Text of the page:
In section 1.7 the need for a subordinate officer to advise his superiors of his experience and limitations was explained. This was partly to insure that too much was not expected of him. But the most important reason for doing this is so that his experience, maturity, apparent initiative, and ability can be compared to the demands of his position and the appropriate leadership technique applied to leading him. This points us to the truth about the one best leadership technique. There is none. Leadership is the ability to select, from a range of options the one leadership style that will have the most favourable result when applied to a particular combination of follower and task.
This ideal method is easier to understand if we agree that the object of leadership is to get someone to act to achieve a certain result. If that is true, then we are in a leadership situation whenever we are paying someone to work for us personally. But we would not think of dealing with the lawn boy, television repairman or our attorney in the same way. We would talk to them differently, behave (however subtly) differently toward them and expect a different level of response from each. In addition to paying these individuals, we use different 'leadership' approaches with each. The same must be true of our relationships with our subordinates on a tanker.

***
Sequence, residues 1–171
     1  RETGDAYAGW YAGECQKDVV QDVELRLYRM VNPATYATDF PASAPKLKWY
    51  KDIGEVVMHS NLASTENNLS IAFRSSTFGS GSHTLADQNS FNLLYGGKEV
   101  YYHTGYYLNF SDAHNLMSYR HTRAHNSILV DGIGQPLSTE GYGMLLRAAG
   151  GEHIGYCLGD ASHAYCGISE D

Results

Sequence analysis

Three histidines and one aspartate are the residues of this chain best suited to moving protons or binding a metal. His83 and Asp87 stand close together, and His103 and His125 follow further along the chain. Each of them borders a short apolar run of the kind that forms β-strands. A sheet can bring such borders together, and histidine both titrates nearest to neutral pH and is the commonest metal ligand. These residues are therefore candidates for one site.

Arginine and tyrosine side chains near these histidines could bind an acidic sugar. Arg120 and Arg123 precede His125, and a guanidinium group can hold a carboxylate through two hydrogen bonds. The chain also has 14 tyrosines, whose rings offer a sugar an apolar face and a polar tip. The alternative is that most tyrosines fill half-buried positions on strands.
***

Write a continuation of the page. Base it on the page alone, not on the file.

A good leader 'sizes up' the fit of the crew member to the job and then decides how he will attempt to lead the subordinate toward a better mastery of his job. Leadership's aim is two-fold: to get the current job done and, to improve the motivation, abilities and maturity of the doers. To do this, an officer needs crew members who are ready for development and if that is not the case, he must convince them that it is in their best interest to follow his development path. This can only be achieved if the followers are convinced that their leader has the power to reward the appropriate behaviour and will unfailingly do so.

1.8.3 Management leadership
A nurturing, creative and cooperative leadership environment cannot be created on the ship unless it is promoted and practiced between shore management and the vessel. Management must recognise that improved performance (reflected mainly in significant reductions in loss ratios), can only be accomplished by a commitment to human-oriented resource development.